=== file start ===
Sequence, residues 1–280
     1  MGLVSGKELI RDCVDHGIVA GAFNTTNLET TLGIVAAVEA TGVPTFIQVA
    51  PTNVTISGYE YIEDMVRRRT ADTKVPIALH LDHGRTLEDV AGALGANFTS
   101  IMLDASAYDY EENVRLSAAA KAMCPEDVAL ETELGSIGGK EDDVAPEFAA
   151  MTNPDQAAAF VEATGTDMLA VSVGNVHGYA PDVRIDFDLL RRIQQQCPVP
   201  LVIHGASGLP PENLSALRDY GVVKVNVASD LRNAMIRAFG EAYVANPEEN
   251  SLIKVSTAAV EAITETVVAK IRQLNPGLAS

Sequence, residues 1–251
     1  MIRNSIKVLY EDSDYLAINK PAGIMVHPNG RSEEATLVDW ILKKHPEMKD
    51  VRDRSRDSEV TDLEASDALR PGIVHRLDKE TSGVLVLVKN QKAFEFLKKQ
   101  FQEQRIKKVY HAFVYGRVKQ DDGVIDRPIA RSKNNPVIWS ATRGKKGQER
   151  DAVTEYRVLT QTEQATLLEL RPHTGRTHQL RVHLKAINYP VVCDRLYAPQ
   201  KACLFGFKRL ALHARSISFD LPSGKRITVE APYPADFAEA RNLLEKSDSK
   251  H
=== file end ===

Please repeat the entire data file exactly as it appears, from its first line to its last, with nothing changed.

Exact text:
Sequence, residues 1–280
     1  MGLVSGKELI RDCVDHGIVA GAFNTTNLET TLGIVAAVEA TGVPTFIQVA
    51  PTNVTISGYE YIEDMVRRRT ADTKVPIALH LDHGRTLEDV AGALGANFTS
   101  IMLDASAYDY EENVRLSAAA KAMCPEDVAL ETELGSIGGK EDDVAPEFAA
   151  MTNPDQAAAF VEATGTDMLA VSVGNVHGYA PDVRIDFDLL RRIQQQCPVP
   201  LVIHGASGLP PENLSALRDY GVVKVNVASD LRNAMIRAFG EAYVANPEEN
   251  SLIKVSTAAV EAITETVVAK IRQLNPGLAS

Sequence, residues 1–251
     1  MIRNSIKVLY EDSDYLAINK PAGIMVHPNG RSEEATLVDW ILKKHPEMKD
    51  VRDRSRDSEV TDLEASDALR PGIVHRLDKE TSGVLVLVKN QKAFEFLKKQ
   101  FQEQRIKKVY HAFVYGRVKQ DDGVIDRPIA RSKNNPVIWS ATRGKKGQER
   151  DAVTEYRVLT QTEQATLLEL RPHTGRTHQL RVHLKAINYP VVCDRLYAPQ
   201  KACLFGFKRL ALHARSISFD LPSGKRITVE APYPADFAEA RNLLEKSDSK
   251  H